Kaspersky: A Profile of the Virus-Fighter

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Full Name: Evgeniy Valentinovich Kasperskiy (Eugene Kaspersky)

Company: Kaspersky Lab

Product: Kaspersky Lab Internet Security

Title: Head of research and technology, and co-founder with CEO Natalia Kasperskaya.

Born: 1965 in Novorossiysk, a Soviet 'hero city' and Black Sea port.

Beverage of Choice: Single malt scotch whiskey, aged.

Executive Advice: Be open, honest and workable. Experiment, and consider all members of the team equal.

Eugene Kaspersky
Graduated from the Institute of Cryptography, Telecommunications and Computer Science in Moscow, Eugene Kaspersky is a former senior lieutenant in the Ministry of Defence where he worked on government IT projects. The course was gruelling: only five students from more than 100 made the cut while the rest he says either became software engineers or "went crazy".

Kasperskiy fell into the business after his defence computer was infected with the Cascade virus in 1989, which lead him to become an entomologist of sorts; he collected, sorted and classified worms and viruses "like hobbyists might collect butterflies" and developed the first remedies in 1991. He soon noticed viruses were proliferating and banded together with colleagues in the Kami Information Technology centre where he began the arduous task of writing anti-virus on a larger scale. After a series of successes and failures, Kaspersky Labs was established in 1997 by Eugene's ex-wife Natalia, jettisoning the former product title AntiViral Toolkit Pro following a legal dispute.

On January 25, 2003 the Slammer worm was unleashed on the Internet. True to its name, the tiny worm infected about 70,000 devices in 10 minutes, proliferating through and infecting vulnerable routers, which cause systematic and repeating failures as machines tried to recover. "Slammer shocked me," Kasperskiy says. "It defragmented the American backbone and cut off South Korea."

Only a week earlier, Kasperskiy held a press conference with Russian media to warn of the prospect of a mass exploit of a hole in Microsoft SQL Serve Resolution Service, but he said few took notice. He discussed the idea of a "global epidemic" and "the First Worm" with other experts and university researchers two years prior to the attack, but kept silent to avoid "opening Pandora's Box." That he admits he knew the attack was inevitable, did not prepare him: "it was unbelievable . . . the traffic went up by more than 25 percent was so huge and we still don't know where it came from."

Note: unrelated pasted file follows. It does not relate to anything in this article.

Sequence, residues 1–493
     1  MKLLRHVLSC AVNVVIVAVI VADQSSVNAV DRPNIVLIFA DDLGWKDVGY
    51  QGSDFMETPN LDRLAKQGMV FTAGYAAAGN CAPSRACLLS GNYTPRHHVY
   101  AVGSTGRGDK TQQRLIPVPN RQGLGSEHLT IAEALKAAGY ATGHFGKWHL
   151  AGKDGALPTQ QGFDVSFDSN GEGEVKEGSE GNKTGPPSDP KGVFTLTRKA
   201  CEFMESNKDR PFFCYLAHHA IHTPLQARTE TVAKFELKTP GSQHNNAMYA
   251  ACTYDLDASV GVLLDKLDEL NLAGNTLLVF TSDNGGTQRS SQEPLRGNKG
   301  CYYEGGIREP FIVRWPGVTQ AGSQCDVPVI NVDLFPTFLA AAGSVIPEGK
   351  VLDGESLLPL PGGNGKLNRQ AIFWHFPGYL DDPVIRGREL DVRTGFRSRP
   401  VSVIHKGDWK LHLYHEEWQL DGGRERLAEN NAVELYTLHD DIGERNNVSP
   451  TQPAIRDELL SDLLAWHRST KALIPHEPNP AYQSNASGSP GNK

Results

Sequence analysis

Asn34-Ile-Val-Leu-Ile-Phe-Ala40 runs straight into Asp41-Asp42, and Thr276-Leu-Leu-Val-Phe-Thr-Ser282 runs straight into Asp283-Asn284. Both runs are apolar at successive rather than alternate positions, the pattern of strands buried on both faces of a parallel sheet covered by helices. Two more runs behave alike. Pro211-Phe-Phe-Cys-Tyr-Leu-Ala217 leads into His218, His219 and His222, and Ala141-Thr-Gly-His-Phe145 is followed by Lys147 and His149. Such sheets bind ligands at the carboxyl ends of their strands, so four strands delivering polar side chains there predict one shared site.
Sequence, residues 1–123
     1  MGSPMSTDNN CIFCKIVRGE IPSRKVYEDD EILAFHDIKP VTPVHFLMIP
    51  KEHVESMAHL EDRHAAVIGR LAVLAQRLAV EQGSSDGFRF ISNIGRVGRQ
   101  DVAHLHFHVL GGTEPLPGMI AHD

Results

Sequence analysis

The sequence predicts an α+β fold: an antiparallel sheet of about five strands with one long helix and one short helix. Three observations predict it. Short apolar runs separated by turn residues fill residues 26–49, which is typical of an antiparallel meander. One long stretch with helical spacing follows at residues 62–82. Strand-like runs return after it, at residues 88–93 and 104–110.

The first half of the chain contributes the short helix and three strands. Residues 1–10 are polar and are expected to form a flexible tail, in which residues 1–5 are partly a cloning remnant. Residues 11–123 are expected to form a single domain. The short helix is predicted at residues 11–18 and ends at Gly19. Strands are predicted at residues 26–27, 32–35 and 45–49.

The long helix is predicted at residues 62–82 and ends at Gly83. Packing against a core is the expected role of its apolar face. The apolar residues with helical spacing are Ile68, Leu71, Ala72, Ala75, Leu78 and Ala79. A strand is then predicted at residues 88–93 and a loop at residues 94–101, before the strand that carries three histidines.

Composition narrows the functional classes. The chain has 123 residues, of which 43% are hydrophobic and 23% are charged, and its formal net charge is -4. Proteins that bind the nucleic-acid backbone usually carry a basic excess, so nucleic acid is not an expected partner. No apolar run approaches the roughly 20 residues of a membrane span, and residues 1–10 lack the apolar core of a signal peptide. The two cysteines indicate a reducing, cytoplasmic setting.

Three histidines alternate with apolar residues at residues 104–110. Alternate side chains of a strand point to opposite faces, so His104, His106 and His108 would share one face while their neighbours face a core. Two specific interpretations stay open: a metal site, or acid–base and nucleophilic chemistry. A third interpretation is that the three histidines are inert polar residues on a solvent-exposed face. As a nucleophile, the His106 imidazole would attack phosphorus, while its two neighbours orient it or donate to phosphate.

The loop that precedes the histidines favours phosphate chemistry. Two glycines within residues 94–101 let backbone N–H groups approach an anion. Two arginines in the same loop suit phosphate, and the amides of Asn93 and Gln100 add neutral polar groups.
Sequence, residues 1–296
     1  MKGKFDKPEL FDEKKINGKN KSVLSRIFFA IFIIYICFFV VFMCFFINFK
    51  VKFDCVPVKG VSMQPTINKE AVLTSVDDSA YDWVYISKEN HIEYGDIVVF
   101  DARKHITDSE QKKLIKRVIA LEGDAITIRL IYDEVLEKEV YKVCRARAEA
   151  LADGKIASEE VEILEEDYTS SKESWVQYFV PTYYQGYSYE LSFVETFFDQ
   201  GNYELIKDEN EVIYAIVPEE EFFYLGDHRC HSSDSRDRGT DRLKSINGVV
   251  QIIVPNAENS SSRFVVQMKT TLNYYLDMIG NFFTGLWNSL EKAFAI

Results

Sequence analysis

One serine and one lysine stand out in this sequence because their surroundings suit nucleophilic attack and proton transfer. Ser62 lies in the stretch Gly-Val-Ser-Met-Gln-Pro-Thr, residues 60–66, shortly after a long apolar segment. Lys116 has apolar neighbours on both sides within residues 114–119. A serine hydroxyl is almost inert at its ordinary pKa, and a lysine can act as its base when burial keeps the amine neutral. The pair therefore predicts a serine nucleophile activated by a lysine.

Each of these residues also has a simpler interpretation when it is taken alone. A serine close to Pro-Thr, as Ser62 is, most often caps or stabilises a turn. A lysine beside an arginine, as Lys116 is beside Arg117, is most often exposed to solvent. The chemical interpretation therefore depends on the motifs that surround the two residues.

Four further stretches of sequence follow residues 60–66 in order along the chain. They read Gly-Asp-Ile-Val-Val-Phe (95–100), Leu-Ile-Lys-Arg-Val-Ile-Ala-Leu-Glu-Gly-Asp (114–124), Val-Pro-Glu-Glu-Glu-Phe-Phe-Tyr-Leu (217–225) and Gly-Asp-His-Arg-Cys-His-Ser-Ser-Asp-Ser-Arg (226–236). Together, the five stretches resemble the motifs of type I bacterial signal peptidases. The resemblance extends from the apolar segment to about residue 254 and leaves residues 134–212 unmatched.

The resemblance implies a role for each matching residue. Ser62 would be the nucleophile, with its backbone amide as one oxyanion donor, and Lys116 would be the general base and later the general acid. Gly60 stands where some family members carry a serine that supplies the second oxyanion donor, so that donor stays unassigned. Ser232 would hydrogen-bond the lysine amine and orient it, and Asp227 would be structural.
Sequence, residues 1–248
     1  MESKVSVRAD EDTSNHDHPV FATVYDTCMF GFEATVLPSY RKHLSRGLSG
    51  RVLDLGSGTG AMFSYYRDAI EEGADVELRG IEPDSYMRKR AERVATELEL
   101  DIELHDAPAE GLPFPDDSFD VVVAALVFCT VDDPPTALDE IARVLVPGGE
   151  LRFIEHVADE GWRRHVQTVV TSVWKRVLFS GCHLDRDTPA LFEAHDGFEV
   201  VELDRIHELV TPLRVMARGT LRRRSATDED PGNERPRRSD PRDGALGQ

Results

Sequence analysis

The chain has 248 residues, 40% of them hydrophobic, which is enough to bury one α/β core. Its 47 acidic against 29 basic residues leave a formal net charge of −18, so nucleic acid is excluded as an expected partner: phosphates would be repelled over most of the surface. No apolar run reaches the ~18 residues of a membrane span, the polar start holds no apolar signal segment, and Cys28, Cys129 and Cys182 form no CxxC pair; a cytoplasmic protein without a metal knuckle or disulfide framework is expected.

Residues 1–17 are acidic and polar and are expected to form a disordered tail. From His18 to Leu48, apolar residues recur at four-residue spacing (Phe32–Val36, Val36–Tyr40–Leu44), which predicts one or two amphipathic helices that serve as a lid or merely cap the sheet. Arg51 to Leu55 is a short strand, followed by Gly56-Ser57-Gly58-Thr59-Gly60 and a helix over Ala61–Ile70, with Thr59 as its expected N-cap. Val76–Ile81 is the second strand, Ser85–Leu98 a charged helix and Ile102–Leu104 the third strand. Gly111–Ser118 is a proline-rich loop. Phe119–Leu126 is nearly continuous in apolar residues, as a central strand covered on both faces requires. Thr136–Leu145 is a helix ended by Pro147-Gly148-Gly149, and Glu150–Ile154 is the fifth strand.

There is no evidence to suggest a link between traditional organised crime and cybercriminals, Kasperskiy says. Forget the latest Die-Hard; the quintessential criminal boss is still a techno-luddite and oblivious to the machinations of phishing and data-ransom. "Traditional criminals deal in guns prostitutes, drugs and street fraud -- they don't have the education or knowledge. The cybercriminals are software engineers and they won't fight people on the street or rob a bank," he says, acknowledging that good guys and criminals both require skilled developers: "we swim in the same sea, but hunt for different fish."

Hackers are guerilla fighters and generally have the advantage in online security, but resources are important. In Russia, the bad guys are winning. They have a bigger, better pool of "elite" software engineers to recruit, as does Kasperskiy. Elsewhere, he says the tide of war constantly shifts: "antivirus is both reactive and proactive. Sometimes we follow them, other times we develop very good security that they can't break. We laugh when we see [malware writers] talking frustated to each other on message boards that they cannot break something we developed."

Kasperskyi says he will "never leave the motherland" despite the company's push into Symantec and Trend Micro-dominated markets outside Europe. "Russia has great software engineers -- we employ more than 300 [there], and to do the same in other countries like Austrailia would be very hard on national economics," he says, referring to Australia's smaller pool of skilled workers. Russian software engineers are returning home lured by better wages which are now on par with Silicion Valley, following a mass emigration to the U.S. in the early 1990s.

Sluggish antivirus programs have long been the bane of resource-strapped computers, and many users are prepared to run only a firewall to conserve resources; after-all, risk can be mitigated by not storing personal information locally and avoiding phishing e-mails and nefarious Web sites. Not so, says Kasperskiy: "you don't need [antivirus] if your computer is disconnected from the Internet, turned off and the user is dead." Casting aside the risk of infecting other nodes on the LAN, Kasperskyi says botnets increase the bandwidth consumption on ISPs that pass on higher prices or badwidth limitations to customers. Then there's the altruistic responsibility of securing your computer to keep it off the spam networks.

Vendors have come a long way to reduce the processing demands of anti-virus and the bundled security packages. Norton Anti-Virus, once arguably the worst resource-hog of the lot, now offers a slim "gaming edition", while Kaspersky Labs is targeting pre-installs in laptops as it claims its low-resource antivirus preserves battery life.

This story, "Kaspersky: A Profile of the Virus-Fighter" was originally published by Computerworld Australia.

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